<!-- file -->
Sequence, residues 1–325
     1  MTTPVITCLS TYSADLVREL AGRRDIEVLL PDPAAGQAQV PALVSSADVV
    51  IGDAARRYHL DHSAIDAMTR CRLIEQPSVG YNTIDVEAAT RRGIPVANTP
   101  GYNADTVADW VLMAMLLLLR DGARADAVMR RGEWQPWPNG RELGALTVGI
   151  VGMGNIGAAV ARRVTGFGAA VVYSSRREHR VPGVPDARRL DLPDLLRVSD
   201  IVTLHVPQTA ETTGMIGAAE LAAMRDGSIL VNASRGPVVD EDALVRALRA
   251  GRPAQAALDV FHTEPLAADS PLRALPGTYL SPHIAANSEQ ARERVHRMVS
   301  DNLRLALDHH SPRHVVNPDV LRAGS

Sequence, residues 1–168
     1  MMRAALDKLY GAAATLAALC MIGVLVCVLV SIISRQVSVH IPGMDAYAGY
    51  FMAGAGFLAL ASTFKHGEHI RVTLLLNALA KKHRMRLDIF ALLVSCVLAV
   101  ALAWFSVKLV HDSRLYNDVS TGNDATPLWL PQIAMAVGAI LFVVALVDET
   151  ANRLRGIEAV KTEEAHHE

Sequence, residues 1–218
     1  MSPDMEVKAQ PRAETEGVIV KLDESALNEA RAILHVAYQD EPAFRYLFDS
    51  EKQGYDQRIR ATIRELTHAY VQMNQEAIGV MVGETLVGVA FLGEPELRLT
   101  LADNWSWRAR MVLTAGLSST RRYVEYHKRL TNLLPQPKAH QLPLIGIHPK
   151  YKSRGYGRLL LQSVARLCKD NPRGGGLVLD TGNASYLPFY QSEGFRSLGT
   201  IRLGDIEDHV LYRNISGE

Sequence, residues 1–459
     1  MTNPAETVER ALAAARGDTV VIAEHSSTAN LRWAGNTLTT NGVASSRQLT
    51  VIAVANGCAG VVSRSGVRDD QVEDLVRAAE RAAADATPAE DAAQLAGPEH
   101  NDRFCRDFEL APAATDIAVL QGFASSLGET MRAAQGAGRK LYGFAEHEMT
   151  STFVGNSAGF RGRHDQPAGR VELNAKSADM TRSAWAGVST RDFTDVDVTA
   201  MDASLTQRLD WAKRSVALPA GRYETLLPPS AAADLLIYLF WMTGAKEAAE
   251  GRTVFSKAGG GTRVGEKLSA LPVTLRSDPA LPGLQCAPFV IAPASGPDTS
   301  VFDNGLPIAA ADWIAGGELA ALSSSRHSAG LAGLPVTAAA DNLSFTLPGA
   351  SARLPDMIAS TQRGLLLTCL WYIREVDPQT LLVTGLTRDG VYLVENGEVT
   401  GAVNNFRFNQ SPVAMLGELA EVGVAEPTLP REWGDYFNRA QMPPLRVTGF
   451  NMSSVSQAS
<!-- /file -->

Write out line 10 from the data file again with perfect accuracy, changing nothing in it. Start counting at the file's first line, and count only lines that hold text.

     1  MMRAALDKLY GAAATLAALC MIGVLVCVLV SIISRQVSVH IPGMDAYAGY